The final oysters have been shucked and last balloons have popped. It's the end of another fantastic year at the Prince Edward Island International Shellfish Festival. I don't have the stats, but it seemed like thousands attended over the weekend of September 14-17.
The festivities kicked off Thursday evening with the Feast & Frolic event, an evening of food and entertainment hosted by Chef Chuck Hughes that included--along with a Mussels Bar and Potato Bar--an all-you-can-eat Oyster Bar featuring 22 unique oyster varieties across the island. All you can eat! (And I did.)
As if that wasn't enough, the sit down dinner served 420 very happy guests who chowed down on an amazing feast orchestrated by Chef Irwin Mackinnon of Papa Joe's fame. (He delivered piping hot food--including lobsters, steak, baked stuffed potatos and vegetable skewers--out to the entire crown in under 9 minutes!)
Friday, Saturday and Sunday featured cooking demonstrations by celebrity Chef Lynn Crawford, the Tie One On Mussel Competition, the Garland Canada International Chef Challenge, the Potato Seafood Chowder Competition (of which I was honored to be a judge), the Mott's Clamato "Best Caesar" competition, the PEI Shellfisherman Association's creation of the "World's Longest Lobster Roll" (over 200-feet!), live entertainment, and not one but TWO oyster shucking competitions.
The first shuck-off, on Friday night, featured the best on-island shuckers, including Jason Woodside and Bradley Gallant. On Saturday, a local-plus-international roster included competitive shucking luminaries such as Eamon Clark of Toronto, Daniel Notkin of Montreal, and American Robert Daffin, who travels from Panama City, Florida each year with Carolee Ann Carlson-Harper, know to everyone as "Mama."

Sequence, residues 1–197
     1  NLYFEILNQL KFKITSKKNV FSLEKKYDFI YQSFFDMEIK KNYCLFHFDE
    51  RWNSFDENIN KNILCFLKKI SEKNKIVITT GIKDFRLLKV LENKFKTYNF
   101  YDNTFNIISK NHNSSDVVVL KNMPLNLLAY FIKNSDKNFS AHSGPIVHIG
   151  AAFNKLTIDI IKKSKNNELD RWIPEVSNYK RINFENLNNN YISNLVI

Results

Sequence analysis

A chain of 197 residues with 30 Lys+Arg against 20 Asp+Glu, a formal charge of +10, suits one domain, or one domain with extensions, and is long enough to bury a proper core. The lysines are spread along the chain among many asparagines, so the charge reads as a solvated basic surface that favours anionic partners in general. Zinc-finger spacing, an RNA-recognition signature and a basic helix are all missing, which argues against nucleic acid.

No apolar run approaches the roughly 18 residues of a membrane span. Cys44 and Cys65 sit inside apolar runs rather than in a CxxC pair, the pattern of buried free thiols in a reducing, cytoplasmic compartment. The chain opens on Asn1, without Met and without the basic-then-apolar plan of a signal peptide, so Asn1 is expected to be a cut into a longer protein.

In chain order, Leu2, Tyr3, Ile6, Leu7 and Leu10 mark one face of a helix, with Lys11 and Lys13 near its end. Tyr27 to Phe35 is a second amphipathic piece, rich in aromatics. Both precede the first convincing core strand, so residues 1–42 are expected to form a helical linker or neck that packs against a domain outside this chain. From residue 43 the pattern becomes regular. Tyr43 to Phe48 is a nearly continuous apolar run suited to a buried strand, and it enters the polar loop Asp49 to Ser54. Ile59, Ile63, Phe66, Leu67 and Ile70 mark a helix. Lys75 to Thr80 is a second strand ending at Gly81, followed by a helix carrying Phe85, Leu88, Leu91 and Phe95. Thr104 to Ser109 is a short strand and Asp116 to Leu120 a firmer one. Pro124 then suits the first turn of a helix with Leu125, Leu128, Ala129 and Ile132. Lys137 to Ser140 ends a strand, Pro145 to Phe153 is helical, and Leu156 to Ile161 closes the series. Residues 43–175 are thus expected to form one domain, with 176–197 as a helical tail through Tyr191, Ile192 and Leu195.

The joint was packed when the shuckers took the stage for the Saturday night heats. I captured the second to last heat of the competition between Daniel Notkin and Robert Daffin, and posted it to YouTube. The emcee is the always-entertaining Rob Barry. If you've never been to a shucking competition, this video gives a sense of the electricity in the room and the intensity of the competitors. (As well as the rollicking good time had by all.)
The winner of the competition, announced after all the penalties had been tabulated, was Daniel Notkin. Geek stats: 12 oysters shucked in flat time 51 and 65/100 seconds, plus 6 penalty seconds added totaling 57 and 65/100 seconds.
On a reflective note, this past year shucker and oyster farmer Marlene Dowdle lost her valiant fight with cancer. Her husband, George Dowdle, decided to award a $1,000 prize in her honor to the fastest female shucker at this year's festival. Every woman competitor was given a tee shirt that Marlene herself had designed. At the end of the shucking events, the Marlene Dowdle Award for Fastest Shucker went to Melissa Somers. A women's cleanest plate award, donated by Chef Chuck Hughes, went to Coreen Pickering. George Dowdle, his son Cole, and daughter Britteny, were on the stage to hand out the etched glass trophy. You can read more about the Marlene, the Dowdle family and the award in a CBC News story HERE.
Thanks to the wonderful community of PEI for hosting such a terrific event. Fellow shellfish lovers: Mark your calendars for next year's edition of the PEI International Shellfish Festival, September 13-16, 2018!
I grew up spending part of every summer in Wellfleet, Massachusetts, which included eating many oysters. After stumbling into an oyster shucking competition in Miami Beach in 2006, I’ve become a fan of the sport and have written about local, national, and international competitions for the Boston Globe, Los Angeles Times, American Way Magazine, and the Huffington Post. I've also written oyster-centric stories for Rustik and Modern Farmer. I’ve never met an oyster I didn’t want to eat.